August 11, 2023 | 11:00 GMT+7

Dragon Capital: Annual growth to come in at 5-6%

Ngoc Lan -

Mr. Nguyen Quang Hung, CFA at Dragon Capital, tells VnEconomy / VET that Vietnam’s economy is still expected to grow well in 2023 despite the global impacts, with second-half results rescuing annual performance.

What are your thoughts on Vietnam’s economic growth in 2023?

Based on the 3.72 per cent growth recorded in the first half, Dragon Capital forecasts annual growth of between 5 and 6 per cent, with a substantial acceleration to 6.3-7.5 per cent in the second half of the year. The forecast is primarily underpinned by the expectation of stronger performance in the services sector, propelled by robust domestic consumption thanks to lower interest rates and the influx of approximately 6 million foreign tourists over the remainder of the year.

However, it is important to note that the revival of export orders may encounter protracted delays due to external factors beyond Vietnam’s control. Consequently, the reinvigoration of export orders hinges upon global economic conditions and the recuperation of key trading partners.

On a more positive note, investment activity in Vietnam is anticipated to remain vigorous, with both foreign and public investments playing a pivotal role. Historically, more public investment is disbursed in the second half of a year. Despite fluctuations in figures, FDI disbursement has exhibited remarkable resilience, further bolstering the investment climate.

How will the global economic situation affect Vietnam’s economy in the closing months of the year?

There is currently a divergence in monetary policies, with Western central banks possibly continuing to raise or at least sustain high interest rates until the end of the year. Conversely, Asian central banks, especially those in Vietnam and China, are reducing interest rates to support their economies. Nonetheless, as central banks in the West approach the terminal rate, the pressure on exchange rates in these countries weakens, and this may initiate a risk-on mode, as reflected by the gradual weakening trend of the USD. Especially in countries with long-term prospects, like Vietnam, investors are likely to increase their investments. Therefore, from now until the end of the year, following the Thomson-FV Hospital merger and the VPB deal, we anticipate the occurrence of additional M&A transactions and block deals in the stock market.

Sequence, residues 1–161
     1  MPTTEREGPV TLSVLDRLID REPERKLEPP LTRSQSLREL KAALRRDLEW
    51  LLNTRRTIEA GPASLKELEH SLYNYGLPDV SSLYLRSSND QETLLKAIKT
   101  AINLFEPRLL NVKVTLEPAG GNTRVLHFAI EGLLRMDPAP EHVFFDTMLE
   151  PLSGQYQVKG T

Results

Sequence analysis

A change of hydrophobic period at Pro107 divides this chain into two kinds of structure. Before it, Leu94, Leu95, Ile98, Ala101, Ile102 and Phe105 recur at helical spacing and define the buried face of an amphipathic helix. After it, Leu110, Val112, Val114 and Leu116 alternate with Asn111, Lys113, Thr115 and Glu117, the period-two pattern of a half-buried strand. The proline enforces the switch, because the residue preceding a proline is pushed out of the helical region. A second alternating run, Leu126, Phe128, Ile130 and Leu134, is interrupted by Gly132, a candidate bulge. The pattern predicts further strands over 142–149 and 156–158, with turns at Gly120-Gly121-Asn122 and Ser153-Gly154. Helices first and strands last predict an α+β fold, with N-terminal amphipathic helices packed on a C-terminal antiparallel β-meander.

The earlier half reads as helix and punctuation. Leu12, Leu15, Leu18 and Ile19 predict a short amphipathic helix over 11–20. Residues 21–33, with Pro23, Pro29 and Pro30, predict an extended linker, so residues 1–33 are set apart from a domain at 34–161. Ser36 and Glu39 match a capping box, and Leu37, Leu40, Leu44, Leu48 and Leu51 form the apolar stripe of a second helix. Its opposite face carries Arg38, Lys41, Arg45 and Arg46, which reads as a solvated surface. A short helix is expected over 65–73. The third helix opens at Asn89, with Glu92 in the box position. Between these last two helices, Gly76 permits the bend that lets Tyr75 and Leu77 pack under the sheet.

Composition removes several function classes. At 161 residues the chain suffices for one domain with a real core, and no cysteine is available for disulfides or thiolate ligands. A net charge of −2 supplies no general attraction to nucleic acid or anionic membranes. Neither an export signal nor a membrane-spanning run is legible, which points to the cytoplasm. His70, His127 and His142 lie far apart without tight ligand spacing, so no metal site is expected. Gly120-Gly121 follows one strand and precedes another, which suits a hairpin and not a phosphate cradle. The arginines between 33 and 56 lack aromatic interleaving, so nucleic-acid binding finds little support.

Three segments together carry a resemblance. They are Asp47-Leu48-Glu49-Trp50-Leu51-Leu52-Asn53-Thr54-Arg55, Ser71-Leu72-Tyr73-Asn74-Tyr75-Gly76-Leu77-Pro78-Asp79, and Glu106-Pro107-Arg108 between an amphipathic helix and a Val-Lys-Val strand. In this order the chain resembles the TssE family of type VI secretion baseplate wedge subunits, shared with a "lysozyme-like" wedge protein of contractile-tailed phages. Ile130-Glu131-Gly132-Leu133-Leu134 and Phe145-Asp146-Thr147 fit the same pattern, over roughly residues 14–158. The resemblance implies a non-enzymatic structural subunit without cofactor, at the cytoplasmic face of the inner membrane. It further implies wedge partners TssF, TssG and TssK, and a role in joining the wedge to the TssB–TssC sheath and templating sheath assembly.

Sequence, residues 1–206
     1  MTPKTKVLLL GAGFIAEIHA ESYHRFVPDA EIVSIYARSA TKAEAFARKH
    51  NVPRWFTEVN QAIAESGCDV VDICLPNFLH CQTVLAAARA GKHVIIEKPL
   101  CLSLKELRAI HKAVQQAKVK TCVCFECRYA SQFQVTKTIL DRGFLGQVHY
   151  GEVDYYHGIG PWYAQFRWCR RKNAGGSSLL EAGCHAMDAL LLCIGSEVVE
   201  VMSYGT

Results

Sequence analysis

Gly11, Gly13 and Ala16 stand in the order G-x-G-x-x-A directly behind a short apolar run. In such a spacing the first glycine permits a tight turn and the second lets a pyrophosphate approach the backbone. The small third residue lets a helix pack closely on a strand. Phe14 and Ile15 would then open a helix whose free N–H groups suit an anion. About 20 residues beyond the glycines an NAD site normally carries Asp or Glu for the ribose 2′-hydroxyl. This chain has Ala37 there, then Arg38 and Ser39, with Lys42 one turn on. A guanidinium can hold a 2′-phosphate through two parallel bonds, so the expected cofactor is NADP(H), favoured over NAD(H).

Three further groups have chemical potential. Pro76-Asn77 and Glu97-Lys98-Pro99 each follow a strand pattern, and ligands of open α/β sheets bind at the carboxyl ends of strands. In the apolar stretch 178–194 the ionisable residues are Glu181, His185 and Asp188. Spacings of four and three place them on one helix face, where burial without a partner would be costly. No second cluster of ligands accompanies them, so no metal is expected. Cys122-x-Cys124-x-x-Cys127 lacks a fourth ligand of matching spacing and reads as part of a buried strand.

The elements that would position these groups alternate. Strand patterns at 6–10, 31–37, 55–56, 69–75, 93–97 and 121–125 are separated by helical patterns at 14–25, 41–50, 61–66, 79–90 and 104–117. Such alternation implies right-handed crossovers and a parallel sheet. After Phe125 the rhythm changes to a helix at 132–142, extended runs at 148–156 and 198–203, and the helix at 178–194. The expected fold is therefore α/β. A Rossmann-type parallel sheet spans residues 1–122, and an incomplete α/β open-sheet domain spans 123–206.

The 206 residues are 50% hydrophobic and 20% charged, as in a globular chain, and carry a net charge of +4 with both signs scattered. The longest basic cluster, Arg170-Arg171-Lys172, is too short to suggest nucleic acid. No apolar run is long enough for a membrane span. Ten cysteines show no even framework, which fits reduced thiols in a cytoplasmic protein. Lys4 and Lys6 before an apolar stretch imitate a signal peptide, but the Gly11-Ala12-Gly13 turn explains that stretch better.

China’s economy has performed more poorly than anticipated. As Vietnam’s second-largest trading partner and neighbor, China may need additional time to recover its economy after reopening. The Chinese Government is transferring its focus from traditional manufacturing and real estate to domestic consumption and high-tech industries, which may necessitate additional economic stimulus packages. This implies that Chinese businesses and citizens will prioritize purchasing “Made in China” goods and engaging in domestic tourism, thereby reducing the demand for imported goods and services and potentially effecting Vietnam’s exports. However, the restructuring of China’s industries may result in many sectors relocating to neighboring regions, and China’s weakening economy may cause a decline in global exports. Both developments could have favorable effects on the economy of Vietnam.